Buyer’s guide to the dream destination!

Purchaser’s information to the dream vacation spot!

Purchasing vintage vehicles is a fun and exciting pastime, but it can also be difficult if you are just starting out and are unfamiliar with the market. We’ve put together a thorough guide to assist you go through the buying process so you can make it a complete success.

Vintage vs. Classic vs. Antique vs. Old Cars

Many customers commit the error of spending a sizable sum of money on vehicles that are neither vintage, classic, nor antique but rather simply old, worn-out, and decaying vehicles. Here is a quick summary of each category so that you never again get lost in the terms: Classic automobiles are those built in 1990 or earlier, antique cars are those produced in 1975 or earlier, and vintage cars are those produced between 1919 and 1930. Antique cars are at least 45 years old. Since characteristics like make, condition, rarity, originality, and mileage can considerably affect buyers’ desire for the car and its corresponding price, the price is also a key determinant of the car’s intrinsic value and appeal. However, a lot of dealers frequently do so in an effort to mislead the buyers and make astronomical profits from the sale by providing average, subpar vehicles at exorbitant rates. Knowing who you are buying from and how reliable and respectable the seller is is so crucial. The VCC team offers very cheap prices for the vehicles we sell in addition to many additional high-quality services and qualified car experts, making the transaction safe and affordable for our valued customers.

Licence Plates & Historical Designation

Understanding which category the car belongs to can also be done with the aid of the license plates. In fact, each US state has its own unique standards for determining a car’s categorization and whether it qualifies as historically significant. For instance, the State of Alabama grants “Vintage Vehicle” status to vehicles that are over 30 years old, operated as a collectible, and are either private passenger vehicles, motorcycles, fire trucks, standard trucks, or truck tractors and weigh no more than 26,000 pounds gross weight. It is much simpler for you to understand what you are investing in because the category and designation of a collectible vehicle are printed on the vehicle’s license plate. Before making a significant selection, it is crucial to comprehend these small variations and conduct market research because antique cars typically require a lot of upkeep and repair.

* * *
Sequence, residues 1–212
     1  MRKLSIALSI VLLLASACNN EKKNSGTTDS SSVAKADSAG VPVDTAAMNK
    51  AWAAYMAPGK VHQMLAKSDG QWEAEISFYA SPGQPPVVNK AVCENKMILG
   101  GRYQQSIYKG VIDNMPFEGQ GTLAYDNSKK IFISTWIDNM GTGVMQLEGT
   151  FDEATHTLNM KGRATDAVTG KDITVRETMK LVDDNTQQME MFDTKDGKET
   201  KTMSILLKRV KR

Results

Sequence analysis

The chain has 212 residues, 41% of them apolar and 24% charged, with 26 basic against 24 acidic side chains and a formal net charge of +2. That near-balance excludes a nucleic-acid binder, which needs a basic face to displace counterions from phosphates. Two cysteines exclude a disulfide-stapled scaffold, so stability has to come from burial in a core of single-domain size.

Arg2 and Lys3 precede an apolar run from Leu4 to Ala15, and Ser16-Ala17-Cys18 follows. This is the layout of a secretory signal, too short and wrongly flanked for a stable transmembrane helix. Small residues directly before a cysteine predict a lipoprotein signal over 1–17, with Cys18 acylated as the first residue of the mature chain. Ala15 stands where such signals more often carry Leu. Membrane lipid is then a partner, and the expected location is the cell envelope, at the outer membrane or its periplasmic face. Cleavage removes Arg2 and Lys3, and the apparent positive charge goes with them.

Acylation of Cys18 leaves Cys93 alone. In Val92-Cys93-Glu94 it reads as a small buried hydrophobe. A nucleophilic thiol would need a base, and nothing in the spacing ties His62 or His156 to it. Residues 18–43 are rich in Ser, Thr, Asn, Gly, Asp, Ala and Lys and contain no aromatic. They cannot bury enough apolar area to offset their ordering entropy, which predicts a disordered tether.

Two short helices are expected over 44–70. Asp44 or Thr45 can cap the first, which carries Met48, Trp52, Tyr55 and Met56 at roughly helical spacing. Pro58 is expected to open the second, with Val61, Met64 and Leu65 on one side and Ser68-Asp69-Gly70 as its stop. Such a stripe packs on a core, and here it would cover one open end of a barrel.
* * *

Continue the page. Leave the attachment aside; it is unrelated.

Define Your Style!

You grant your historic vehicle the right to develop and display a picture of you as soon as you get behind the wheel. Choose something that truly inspires you, something that takes your heart away every time you look at it, after considering a wide range of possibilities. If you’re overwhelmed by your selections, make it a practice to make thorough lists where you can list all the advantages and disadvantages of each car. Our inventory is a fantastic location to start your study because it offers thorough descriptions, wonderful introductory movies, and fascinating historical details about every vehicle you see on our page. Your search will be more focused, better structured, more time-efficient, and ultimately effective once you’ve gathered all the required data and determined your top choices. Having said that, we strongly advise against choosing a really rare car for your initial purchase because rarity also entails expensive maintenance and repairs because the parts of rare vintage cars are in extremely short supply and frequently demand premium prices.